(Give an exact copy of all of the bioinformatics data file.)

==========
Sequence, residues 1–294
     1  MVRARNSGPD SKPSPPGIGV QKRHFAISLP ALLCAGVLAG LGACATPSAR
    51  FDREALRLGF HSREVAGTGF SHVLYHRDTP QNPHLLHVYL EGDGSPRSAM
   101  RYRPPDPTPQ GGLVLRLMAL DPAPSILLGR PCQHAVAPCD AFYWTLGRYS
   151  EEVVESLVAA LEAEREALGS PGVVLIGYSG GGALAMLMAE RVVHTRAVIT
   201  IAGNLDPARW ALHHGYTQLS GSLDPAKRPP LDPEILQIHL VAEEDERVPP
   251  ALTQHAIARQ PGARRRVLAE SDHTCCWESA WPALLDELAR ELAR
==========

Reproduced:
Sequence, residues 1–294
     1  MVRARNSGPD SKPSPPGIGV QKRHFAISLP ALLCAGVLAG LGACATPSAR
    51  FDREALRLGF HSREVAGTGF SHVLYHRDTP QNPHLLHVYL EGDGSPRSAM
   101  RYRPPDPTPQ GGLVLRLMAL DPAPSILLGR PCQHAVAPCD AFYWTLGRYS
   151  EEVVESLVAA LEAEREALGS PGVVLIGYSG GGALAMLMAE RVVHTRAVIT
   201  IAGNLDPARW ALHHGYTQLS GSLDPAKRPP LDPEILQIHL VAEEDERVPP
   251  ALTQHAIARQ PGARRRVLAE SDHTCCWESA WPALLDELAR ELAR